The Richest Woman in America: Hetty Green in the Gilded Age by Janet Wallach
Doubleday, 2012 (bound galley); 276 pages
Note: I received this book as part of LibraryThing's Early Reviewer program.
Before picking up this book, I had never heard of Hetty Green, who inherited and invested her way to an estate that at the time of her death in 1916, was worth over $2 billion in today's money. She did this at a time when women were not supposed to be involved in business and certainly not in Wall Street. Green's favored strategy was buy low, sell high, and she also made her money go farther by living a plain and frugal life at a time when people with comparable wealth were living extravagantly.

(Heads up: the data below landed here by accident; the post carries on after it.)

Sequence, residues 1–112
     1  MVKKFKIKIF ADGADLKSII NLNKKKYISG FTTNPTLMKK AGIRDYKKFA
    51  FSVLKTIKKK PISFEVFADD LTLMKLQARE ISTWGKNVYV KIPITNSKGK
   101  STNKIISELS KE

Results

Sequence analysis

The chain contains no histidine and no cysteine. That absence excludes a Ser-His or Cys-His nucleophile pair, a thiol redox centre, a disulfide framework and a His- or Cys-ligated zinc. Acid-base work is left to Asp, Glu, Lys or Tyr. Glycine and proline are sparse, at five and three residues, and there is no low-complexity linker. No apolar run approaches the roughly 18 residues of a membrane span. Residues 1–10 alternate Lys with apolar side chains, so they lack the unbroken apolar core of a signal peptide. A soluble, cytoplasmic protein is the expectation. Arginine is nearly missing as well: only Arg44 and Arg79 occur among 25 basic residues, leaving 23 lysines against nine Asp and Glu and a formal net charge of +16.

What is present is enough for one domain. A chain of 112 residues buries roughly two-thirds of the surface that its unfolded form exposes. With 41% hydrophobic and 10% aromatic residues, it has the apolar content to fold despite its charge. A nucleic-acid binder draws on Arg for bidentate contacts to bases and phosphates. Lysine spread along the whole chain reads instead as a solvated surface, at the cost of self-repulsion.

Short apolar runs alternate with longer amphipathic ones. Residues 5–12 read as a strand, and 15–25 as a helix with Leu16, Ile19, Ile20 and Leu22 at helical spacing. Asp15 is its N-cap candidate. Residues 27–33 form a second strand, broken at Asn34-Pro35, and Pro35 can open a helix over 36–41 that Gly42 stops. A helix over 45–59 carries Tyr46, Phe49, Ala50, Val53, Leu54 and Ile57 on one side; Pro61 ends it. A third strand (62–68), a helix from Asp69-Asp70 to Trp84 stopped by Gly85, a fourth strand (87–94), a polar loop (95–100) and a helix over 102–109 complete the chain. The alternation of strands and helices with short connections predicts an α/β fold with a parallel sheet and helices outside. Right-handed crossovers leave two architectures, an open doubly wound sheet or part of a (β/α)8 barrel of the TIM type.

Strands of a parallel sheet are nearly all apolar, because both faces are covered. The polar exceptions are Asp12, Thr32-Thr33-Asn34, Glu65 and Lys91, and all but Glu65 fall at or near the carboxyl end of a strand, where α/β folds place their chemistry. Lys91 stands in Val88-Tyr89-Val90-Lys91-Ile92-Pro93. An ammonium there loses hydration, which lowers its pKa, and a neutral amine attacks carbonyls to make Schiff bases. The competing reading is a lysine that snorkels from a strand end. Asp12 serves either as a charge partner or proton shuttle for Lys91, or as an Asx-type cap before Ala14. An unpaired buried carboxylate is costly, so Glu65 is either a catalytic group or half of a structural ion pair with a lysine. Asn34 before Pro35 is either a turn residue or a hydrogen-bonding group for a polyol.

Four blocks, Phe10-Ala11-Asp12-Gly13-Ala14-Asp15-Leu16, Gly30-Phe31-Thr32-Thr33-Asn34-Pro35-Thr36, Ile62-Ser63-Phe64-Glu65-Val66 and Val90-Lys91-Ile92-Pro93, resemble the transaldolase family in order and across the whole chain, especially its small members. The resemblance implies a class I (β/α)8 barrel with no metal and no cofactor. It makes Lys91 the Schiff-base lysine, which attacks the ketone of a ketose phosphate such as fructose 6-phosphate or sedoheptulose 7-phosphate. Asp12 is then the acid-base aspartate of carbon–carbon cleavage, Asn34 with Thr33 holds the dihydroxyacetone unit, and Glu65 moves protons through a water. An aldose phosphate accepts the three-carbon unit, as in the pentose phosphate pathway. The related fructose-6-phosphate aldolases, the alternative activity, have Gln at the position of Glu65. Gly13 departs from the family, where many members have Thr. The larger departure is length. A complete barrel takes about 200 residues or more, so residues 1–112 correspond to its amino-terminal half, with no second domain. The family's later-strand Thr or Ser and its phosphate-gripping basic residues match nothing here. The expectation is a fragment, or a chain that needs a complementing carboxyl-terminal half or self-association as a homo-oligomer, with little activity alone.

Throughout the book, Wallach uses an odd mix of formal and conversational language, as if she couldn't decide whether her audience should be academic or popular. She goes into great detail on trivial aspects of Green's life, while glossing over major events. In areas where there is little information on Green's life, Wallach brings in anecdotes of the period, but does not connect these anecdotes to Green in a clear or meaningful way. Her writing style is extremely passive. There are a few typographical errors, but since I received a bound galley rather than a final copy of the book, I hope these have been corrected in the final version. A major flaw is that black people are nearly always referred to as "colored" or "Negro," even in passages written by Wallach that are not quotes from the period. Even though these were common and accepted terms in the nineteenth century, they should not be used for what appears to be no good reason in a modern work.